According to Sami Paavola, digitalisation is in many ways connected to the rapid changes in the world of work and in society at large. On the other hand, the ways people operate are tied to past methods and practices.
“There are many concerns over digitalisation which relate to the disappearance of jobs or many jobs becoming monotonous, but it also brings about many unforeseen opportunities.”
Paavola is particularly interested in how digitalisation is changing the ways people cooperate or work communally. He is also interested in how technological development changes general conceptions of learning, or of human thinking and action. Technology is still often presented either through ideal visions (how technology “should” be used) or failures (e.g., some technology is persistently used incorrectly). According to Paavola, research should focus more on how the ways people operate are likely to change through the use of technology.
Paavola wants to develop teaching and research methods that emphasise various practices. He has a multidisciplinary background, based on philosophy, sociology and learning research. He has been heavily involved in the study of collaborative learning through technology and, in the past few years, has participated in research projects focusing on how data modelling can be used in construction projects and particularly in designer cooperation.
According to Kalle Juuti, the proliferation of technological devices will change both teaching and learning. Students will use their own smartphones, the school’s tablet computers and other digital technology. In addition, learning assessment will move to digital environments.
“Digital technology is not intended to update old teaching practices. It enables new kinds of knowledge-based teaching and learning,” says Juuti.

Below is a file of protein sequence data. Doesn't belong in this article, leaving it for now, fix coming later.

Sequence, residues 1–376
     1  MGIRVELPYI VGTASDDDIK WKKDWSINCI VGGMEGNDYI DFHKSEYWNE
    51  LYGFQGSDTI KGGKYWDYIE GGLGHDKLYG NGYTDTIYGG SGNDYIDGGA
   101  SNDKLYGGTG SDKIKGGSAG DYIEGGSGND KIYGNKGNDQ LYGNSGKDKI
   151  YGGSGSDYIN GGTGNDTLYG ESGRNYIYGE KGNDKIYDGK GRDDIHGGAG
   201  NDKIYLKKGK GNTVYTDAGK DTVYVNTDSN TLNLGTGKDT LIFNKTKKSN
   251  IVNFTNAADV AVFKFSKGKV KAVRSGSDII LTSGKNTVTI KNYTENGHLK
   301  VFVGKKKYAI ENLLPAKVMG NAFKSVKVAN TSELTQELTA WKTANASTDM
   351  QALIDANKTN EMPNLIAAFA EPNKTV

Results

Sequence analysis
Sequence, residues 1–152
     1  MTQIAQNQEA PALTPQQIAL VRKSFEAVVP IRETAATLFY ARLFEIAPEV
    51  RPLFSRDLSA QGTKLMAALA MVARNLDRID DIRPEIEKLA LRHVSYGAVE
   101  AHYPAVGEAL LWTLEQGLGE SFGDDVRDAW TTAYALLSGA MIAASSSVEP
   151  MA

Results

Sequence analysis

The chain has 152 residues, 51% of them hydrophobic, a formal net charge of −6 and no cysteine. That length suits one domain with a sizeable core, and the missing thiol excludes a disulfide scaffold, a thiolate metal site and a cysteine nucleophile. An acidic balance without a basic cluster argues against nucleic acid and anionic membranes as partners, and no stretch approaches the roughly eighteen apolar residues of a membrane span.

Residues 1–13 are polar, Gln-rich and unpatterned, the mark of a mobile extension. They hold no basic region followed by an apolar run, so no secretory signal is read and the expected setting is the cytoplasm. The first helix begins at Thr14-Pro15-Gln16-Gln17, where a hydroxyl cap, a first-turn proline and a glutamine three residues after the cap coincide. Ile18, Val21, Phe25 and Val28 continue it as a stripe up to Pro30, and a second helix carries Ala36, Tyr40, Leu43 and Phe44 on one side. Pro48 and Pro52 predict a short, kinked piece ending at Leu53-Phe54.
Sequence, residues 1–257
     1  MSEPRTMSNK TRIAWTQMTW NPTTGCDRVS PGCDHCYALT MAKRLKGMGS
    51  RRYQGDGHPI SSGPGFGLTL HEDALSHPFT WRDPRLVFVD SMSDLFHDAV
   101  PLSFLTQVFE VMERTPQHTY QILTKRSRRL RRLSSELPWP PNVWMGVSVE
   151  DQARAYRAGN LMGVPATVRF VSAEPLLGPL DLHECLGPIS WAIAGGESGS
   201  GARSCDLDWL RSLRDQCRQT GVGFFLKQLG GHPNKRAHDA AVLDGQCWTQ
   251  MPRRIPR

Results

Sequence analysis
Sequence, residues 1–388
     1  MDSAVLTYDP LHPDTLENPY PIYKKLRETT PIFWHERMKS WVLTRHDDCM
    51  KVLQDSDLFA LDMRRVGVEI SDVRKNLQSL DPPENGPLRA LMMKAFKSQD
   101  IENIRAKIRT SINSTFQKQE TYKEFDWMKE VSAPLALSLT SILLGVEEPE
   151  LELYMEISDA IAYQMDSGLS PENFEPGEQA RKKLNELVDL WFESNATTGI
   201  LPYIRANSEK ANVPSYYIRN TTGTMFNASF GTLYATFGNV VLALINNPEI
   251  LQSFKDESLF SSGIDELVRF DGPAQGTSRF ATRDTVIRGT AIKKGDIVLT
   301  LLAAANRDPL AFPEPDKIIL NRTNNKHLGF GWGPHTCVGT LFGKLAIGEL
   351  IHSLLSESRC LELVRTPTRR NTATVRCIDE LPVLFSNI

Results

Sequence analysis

Juuti wants to study how the adoption of digital tools changes the way different subjects are taught and studied. The study of digital teaching tools is closely connected to practical teaching work. Teaching experiments planned and implemented together with teachers working in schools are a central element of studying digital learning. Juuti’s research focuses on teaching development, and he has extensive experience in basic and continuing teacher education. Juuti is also a teacher of physics and drama.
The field of Petri Ihantola’s professorship – learning analytics – means measuring, storing and analysing information relating to learning, and then using the results of the analysis.
“Learning has been observed for as long as teaching has been studied, so in that sense this is not a new area,” says Ihantola.
However, collecting information on learning has changed as learning environments have become digital. Contemporary learning analytics is characterised by a combination of detailed and diverse information sources which observe the behaviour of individuals from various perspectives. The methods of learning analytics combine statistics, the visualisation of information and machine learning.
Ihantola’s background is in computer science. Until the beginning of his new professorship, he will continue to serve as assistant professor of software engineering at the Tampere University of Technology. In addition to academia, he has worked at Google as a software engineer. Ihantola’s research focuses on the procedural data collected in the course of teaching in programming. He uses this data to study problem-solving processes: what kinds of paths do learners take to potentially arrive at identical solutions, and what can these various paths tell us?
Learning analytics is a multidisciplinary field, and Ihantola wants to continue to develop cooperation between educational sciences and computer science also in his new position.